If a person does not unregister, votes, and are caught, they could face a fine of up to $5,000 and may have to serve jail time.

However, even if someone lacks these documents, they still may be able to vote if another person vouches for their identity as Canadian citizens.

The Post Millennial reached out to Elections Canada for comment and received a response.

According to Elections Canada, being on the National Register of Electors (NRoE) is “not a ticket to vote.” The list of people on the NRoE is aggregated from the Canada Revenue Agency, the Immigration, Refugees and Citizenship Canada (IRCC); provincial/territorial diver’s license bureaus’ provincial and territorial electoral management bodies; and when you register to vote or update your registration with Elections Canada.

When asked about the number of non-Canadians who are currently or were on the NRoE, Elections Canada’s Matthew McKenna wrote the following:

In April 2019, for the first time, IRCC was able to provide Elections Canada with information on permanent residents and foreign nationals.  Elections Canada was able to initially identify approximately 103,000 potential non-citizens in the Register. This number subsequently increased to 112,000 following further analysis. Based on revised data sent by IRCC, the number was revised again, to 85,000, from which, approximately 74 000 were removed. Others were confirmed to be Canadian citizens. Elections Canada is continuing to analyze the data and cross-reference it with other data, and in accordance with the Canada Elections Act, we are taking steps to verify the eligibility of these individuals and remove those who are not eligible to vote.  Matthew McKenna,  Media Relations and Issues Management for Elections Canada

The Post Millennial also asked about the possibility of non-Canadians illegally voting in the 2015 election, especially considering how many non-Canadians were only recently discovered on the NRoE.

They said that they only have “immediate access to information regarding only those electors who voted at advance polls, those who voted by special ballot, and those who registered to vote on polling day, which represents approximately 30 per cent of all votes cast.”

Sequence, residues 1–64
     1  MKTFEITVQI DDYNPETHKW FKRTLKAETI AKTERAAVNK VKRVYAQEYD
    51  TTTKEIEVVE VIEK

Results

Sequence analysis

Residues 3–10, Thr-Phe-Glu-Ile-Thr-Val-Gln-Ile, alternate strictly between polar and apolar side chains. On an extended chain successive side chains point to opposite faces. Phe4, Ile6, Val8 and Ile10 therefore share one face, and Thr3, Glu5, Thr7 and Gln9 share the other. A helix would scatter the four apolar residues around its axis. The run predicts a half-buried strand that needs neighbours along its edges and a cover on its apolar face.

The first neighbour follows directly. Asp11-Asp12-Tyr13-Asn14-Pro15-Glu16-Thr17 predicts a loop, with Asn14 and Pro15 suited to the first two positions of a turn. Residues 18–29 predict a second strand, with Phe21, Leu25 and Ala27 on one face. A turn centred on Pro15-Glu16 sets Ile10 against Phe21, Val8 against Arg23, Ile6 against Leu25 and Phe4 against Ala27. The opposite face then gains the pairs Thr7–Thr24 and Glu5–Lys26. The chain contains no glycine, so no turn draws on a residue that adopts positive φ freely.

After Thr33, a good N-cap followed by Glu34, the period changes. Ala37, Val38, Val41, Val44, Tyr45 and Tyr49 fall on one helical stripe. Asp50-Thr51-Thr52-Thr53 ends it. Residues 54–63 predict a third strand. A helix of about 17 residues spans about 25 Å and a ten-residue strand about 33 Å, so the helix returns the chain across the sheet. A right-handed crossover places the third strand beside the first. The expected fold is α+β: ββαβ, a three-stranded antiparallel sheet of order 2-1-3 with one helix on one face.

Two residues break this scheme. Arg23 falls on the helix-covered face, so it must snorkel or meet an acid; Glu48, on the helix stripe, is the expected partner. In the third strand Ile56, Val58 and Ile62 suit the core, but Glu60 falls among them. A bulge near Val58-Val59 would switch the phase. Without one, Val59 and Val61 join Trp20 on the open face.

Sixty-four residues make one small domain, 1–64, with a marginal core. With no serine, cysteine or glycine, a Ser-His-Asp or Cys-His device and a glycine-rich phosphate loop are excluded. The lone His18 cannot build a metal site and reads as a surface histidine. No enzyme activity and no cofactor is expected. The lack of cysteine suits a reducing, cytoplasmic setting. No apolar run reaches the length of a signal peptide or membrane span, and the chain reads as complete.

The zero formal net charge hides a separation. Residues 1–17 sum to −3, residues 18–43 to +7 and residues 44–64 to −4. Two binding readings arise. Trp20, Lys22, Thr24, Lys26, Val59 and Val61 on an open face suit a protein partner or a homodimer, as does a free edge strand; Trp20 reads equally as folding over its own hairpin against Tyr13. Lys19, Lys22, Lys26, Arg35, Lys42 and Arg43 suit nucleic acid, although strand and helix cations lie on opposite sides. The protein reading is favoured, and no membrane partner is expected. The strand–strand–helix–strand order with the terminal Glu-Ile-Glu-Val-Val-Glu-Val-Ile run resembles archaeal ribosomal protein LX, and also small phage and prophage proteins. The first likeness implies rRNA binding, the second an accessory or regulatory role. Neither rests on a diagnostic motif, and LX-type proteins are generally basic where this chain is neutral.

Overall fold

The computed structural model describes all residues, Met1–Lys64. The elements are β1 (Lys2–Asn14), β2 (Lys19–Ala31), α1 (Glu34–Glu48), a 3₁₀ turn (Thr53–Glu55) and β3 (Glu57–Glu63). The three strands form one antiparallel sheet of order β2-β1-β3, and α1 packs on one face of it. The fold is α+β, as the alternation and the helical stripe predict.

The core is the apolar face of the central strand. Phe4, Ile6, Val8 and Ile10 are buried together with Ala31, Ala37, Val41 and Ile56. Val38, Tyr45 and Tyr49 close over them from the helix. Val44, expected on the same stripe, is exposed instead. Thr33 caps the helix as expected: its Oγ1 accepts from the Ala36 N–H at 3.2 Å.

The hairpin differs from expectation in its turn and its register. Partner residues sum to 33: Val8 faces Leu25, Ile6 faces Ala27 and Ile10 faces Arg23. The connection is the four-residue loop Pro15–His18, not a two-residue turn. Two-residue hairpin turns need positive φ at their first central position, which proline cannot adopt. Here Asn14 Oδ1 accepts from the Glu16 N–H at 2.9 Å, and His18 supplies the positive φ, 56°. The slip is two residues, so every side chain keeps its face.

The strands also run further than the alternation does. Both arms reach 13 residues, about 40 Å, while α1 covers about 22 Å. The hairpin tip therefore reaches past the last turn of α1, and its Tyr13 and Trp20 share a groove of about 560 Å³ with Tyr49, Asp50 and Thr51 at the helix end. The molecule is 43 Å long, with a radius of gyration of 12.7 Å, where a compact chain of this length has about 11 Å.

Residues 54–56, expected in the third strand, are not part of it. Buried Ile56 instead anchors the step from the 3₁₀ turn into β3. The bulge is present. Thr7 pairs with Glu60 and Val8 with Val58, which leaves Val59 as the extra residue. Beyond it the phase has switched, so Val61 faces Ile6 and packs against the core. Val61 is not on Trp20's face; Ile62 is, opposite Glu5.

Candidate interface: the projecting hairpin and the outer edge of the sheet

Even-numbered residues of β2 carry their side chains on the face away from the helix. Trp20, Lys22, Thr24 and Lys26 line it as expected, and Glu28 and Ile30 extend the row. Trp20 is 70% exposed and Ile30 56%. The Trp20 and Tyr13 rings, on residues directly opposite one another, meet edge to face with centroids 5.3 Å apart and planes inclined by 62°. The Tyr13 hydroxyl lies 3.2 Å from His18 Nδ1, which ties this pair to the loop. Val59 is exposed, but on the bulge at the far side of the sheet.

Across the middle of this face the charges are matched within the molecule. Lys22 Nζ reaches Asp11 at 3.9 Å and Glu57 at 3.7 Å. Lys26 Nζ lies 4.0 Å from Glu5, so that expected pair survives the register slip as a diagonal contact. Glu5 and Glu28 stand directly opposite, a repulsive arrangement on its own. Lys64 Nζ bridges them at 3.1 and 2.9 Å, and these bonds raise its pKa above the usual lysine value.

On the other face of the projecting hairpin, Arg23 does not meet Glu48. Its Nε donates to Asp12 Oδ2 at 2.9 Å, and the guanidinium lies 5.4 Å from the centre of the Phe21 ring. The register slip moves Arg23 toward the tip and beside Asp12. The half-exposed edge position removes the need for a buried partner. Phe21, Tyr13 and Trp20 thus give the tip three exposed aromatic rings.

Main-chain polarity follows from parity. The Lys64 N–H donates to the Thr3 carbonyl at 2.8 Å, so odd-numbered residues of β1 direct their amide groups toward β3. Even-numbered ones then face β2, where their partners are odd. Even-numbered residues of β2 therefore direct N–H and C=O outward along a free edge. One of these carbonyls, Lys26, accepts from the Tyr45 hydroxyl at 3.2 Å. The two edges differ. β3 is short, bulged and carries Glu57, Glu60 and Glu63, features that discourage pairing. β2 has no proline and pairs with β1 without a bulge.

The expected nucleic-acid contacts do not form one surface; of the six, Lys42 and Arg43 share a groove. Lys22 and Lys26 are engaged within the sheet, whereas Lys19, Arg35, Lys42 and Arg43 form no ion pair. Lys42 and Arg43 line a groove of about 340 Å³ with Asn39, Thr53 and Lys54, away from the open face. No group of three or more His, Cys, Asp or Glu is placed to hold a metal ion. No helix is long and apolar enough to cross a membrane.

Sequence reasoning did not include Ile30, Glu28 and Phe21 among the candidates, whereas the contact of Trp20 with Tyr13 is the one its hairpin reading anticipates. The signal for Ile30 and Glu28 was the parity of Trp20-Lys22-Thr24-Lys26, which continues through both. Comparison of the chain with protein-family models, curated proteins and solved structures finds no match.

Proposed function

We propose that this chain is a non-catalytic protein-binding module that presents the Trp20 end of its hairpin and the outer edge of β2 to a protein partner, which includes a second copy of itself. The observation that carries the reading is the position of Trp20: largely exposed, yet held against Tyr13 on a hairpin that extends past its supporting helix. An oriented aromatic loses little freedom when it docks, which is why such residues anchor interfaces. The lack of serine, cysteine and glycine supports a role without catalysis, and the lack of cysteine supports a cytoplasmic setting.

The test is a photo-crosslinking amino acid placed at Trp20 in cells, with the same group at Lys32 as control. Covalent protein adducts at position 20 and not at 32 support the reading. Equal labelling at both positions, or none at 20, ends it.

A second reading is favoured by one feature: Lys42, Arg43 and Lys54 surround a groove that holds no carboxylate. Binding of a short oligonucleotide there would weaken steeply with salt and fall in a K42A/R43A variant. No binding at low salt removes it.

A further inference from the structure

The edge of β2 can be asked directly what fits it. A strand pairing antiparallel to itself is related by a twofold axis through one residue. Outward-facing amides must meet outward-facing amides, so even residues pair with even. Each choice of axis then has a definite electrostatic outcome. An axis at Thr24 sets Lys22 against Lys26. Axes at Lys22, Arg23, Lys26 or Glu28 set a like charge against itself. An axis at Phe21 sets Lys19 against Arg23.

Having access to only 30 per cent of those votes is something that Elections Canada says they are taking “very seriously.”

As Elections Canada writes:

The importance of taking our time to do this was confirmed recently when it was determined that due to an IRCC system error, historical data was included in the information shared by IRCC with Elections Canada (see the note above about the initial number of 103,000 being ultimately revised to 85,000, of which we were able to remove 74,000). As a result, some eligible electors were mistakenly identified as potential non-citizens. This reinforces the need to analyze the data thoroughly, to cross-reference it with other data. A complete review of the voting records would require Elections Canada to open thousands of poll bags from the 2015 federal election, alone. This would be a massive undertaking that would jeopardize the conduct of the current federal election if it were to take place at this time. Matthew McKenna,  Media Relations and Issues Management for Elections Canada

This means that of those identified, only 11,000 were genuine Canadian citizens, while 74,000 had nearly managed to slip through vetting, and it is unclear how many may still be unidentified and trying to vote. Furthermore, it appears they are uncertain how many non-Canadians managed to bypass the vetting process during the 2015 election.

As the current election progresses, Elections Canada says that they are prioritizing “removing confirmed non-citizens from the Register now that we have the data and putting measures in place to detect and prevent non-citizens from voting in the 2019 federal election.”